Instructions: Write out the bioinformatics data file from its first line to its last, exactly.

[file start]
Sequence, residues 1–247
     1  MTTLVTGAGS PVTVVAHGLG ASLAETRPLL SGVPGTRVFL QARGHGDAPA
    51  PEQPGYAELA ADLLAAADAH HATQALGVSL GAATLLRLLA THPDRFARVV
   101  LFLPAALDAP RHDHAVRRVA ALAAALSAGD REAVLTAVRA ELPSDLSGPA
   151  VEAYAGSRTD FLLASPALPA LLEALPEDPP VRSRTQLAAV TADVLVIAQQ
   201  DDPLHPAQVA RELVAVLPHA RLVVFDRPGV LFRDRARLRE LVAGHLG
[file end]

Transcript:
Sequence, residues 1–247
     1  MTTLVTGAGS PVTVVAHGLG ASLAETRPLL SGVPGTRVFL QARGHGDAPA
    51  PEQPGYAELA ADLLAAADAH HATQALGVSL GAATLLRLLA THPDRFARVV
   101  LFLPAALDAP RHDHAVRRVA ALAAALSAGD REAVLTAVRA ELPSDLSGPA
   151  VEAYAGSRTD FLLASPALPA LLEALPEDPP VRSRTQLAAV TADVLVIAQQ
   201  DDPLHPAQVA RELVAVLPHA RLVVFDRPGV LFRDRARLRE LVAGHLG